This is the seventh post in a mini-series about security, to mark an upcoming security upgrade to our login and authentication system. All new changes will be launching on Monday, 25th July 2016.
In yesterday’s post, we looked at how U2F security keys work. Today we’re going to look at look at how Yubico OTP works, the third and final method of two-step verification we will be supporting from tomorrow. We’ll explore how it works from a technical side, and its strengths and weaknesses.
A security key is a small USB device that you use to log in securely to your accounts online. While (we hope) the future is for U2F security keys, a super-secure open standard implemented by several manufacturers, these still have compatibility issues which mean they may not be suitable for everyone. Most security keys from Yubico also support another protocol called Yubico OTP. (If you own an older YubiKey, it may only support this and not U2F.)
Using a Yubico OTP security key with FastMail is simple, and in fact works exactly the same as with U2F keys. You just plug it into your computer when prompted and press the button on the top.
Under the hood however, the way they work is very different! With Yubico OTP, your security key acts like a keyboard, and when you press the button it actually types in a 44-character single-use password. The first 12 characters are a unique id that identifies the security key. The remaining 32 characters contain a bunch of information that’s encrypted (with AES, crypto folks) using a key known only to the device and Yubico’s servers. The information includes:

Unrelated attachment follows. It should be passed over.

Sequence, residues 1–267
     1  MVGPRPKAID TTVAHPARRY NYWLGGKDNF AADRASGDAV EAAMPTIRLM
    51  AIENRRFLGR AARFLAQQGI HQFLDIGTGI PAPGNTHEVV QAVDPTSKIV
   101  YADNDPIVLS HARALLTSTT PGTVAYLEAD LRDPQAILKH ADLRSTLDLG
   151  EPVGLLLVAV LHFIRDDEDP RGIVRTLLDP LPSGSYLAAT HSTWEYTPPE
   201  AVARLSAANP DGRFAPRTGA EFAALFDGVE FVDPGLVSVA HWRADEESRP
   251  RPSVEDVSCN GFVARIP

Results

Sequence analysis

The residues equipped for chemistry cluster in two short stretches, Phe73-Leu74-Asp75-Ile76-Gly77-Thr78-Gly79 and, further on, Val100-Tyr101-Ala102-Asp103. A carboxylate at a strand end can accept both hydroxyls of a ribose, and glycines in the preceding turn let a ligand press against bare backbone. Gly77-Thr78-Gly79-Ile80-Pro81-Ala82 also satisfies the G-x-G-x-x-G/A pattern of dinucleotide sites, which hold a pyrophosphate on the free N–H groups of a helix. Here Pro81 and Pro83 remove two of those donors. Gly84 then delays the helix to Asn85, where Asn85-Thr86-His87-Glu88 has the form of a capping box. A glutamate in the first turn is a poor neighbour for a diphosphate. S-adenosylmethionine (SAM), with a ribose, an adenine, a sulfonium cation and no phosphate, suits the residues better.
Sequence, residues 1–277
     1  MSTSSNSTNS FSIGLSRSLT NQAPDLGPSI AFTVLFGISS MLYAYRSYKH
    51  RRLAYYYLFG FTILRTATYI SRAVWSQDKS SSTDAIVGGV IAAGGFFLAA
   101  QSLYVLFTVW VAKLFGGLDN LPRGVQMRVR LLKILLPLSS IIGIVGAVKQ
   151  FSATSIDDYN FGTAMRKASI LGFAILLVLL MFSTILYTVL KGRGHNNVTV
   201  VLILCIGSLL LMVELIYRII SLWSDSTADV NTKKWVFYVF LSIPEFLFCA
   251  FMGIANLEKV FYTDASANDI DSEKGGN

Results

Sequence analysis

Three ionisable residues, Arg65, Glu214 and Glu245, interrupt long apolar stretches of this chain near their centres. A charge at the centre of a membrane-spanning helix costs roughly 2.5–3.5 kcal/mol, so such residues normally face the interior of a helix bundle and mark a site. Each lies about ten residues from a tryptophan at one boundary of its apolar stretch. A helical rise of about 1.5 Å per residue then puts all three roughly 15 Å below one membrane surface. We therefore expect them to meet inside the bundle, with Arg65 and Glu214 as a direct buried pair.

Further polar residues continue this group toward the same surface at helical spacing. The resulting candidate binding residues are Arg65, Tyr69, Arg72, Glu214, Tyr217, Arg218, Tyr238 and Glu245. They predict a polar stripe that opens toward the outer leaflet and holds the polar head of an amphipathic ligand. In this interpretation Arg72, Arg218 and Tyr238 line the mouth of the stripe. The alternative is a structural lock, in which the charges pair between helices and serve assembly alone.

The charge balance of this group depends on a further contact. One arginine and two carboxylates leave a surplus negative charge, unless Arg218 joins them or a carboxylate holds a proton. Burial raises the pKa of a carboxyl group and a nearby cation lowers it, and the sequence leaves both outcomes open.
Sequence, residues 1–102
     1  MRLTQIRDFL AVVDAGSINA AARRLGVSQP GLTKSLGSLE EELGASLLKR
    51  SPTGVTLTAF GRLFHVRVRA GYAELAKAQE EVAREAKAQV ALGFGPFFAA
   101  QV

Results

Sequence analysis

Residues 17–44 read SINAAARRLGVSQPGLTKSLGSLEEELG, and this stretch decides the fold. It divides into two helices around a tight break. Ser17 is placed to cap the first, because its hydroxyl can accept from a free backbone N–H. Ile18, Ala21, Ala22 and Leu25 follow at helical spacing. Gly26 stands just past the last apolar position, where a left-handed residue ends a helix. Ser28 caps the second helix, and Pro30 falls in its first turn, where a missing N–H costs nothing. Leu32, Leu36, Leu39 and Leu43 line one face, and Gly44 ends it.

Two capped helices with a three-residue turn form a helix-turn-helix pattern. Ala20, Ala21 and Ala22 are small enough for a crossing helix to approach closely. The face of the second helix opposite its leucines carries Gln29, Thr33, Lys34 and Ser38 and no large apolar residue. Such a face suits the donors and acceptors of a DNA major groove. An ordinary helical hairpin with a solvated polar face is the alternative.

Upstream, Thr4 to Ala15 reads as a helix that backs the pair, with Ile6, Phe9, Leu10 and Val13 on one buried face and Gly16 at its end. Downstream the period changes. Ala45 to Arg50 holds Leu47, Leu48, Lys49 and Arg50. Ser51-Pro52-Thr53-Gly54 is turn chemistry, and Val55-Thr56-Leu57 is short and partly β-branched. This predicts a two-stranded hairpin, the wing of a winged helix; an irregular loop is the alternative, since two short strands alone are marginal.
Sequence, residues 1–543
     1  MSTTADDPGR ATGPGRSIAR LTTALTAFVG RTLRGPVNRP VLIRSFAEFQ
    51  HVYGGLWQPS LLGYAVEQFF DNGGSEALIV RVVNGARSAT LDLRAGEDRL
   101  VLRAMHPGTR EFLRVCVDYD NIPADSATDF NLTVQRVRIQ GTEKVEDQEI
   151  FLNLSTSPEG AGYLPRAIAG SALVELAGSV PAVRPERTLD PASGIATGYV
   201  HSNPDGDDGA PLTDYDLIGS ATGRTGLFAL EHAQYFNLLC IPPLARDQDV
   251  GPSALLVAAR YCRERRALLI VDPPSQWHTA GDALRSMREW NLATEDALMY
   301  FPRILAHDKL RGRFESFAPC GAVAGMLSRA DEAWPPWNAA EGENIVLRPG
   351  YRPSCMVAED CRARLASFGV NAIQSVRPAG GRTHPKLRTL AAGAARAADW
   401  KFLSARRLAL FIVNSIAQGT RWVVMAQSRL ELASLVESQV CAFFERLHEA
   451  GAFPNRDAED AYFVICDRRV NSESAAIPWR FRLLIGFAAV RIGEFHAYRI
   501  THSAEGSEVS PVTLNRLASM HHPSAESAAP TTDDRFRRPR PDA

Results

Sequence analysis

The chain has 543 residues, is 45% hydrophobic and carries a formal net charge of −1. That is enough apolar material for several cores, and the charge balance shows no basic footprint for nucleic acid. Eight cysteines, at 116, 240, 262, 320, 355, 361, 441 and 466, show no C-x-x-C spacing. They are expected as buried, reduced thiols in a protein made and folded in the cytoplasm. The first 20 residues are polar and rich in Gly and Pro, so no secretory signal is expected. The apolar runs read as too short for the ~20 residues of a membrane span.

At FastMail, we get the 44-character code. We check that the first 12 characters correspond with a YubiKey you’ve registered with your account, then we send the code on to the Yubico servers. Since they have the shared secret encryption key, they can decrypt the values and check to make sure they are valid (e.g. counters are all higher than their previous values, the checksum is valid, etc.). If everything checks out, they return an OK to FastMail and you’re in!
Compared to U2F, the big upside of this system is increased compatibility. Because it behaves just like a keyboard, you can use it with any browser on any system with a USB port.
However, it doesn’t share the same security properties of U2F. There’s nothing to stop you inserting the one-time code into a phishing site. The codes are single use but there’s no time limit mechanism other than a sequential ordering of the codes (i.e. once a newer code has been used you can’t use an older one). A code is valid until the Yubico server sees the newer one.
The security keys have an ID which is the same wherever you use it, even across different sites. We have to ask Yubico to verify the code, so there’s an extra service that needs to be trusted to keep your account secure.
Unfortunately, there’s no one right answer. It depends on which strengths and weaknesses are important to you. U2F is definitely the most secure, but only compatible with Chrome (and not really usable yet on mobile).
However, we can say that using any of these to add two-step verification to your account will make it much harder for an attacker to gain access. And of course you can register as many security keys and authenticator apps with your account as you like, so you can use different methods in different situations.
Whatever you choose, enabling two-step verification is a big step forward in keeping your account safe.
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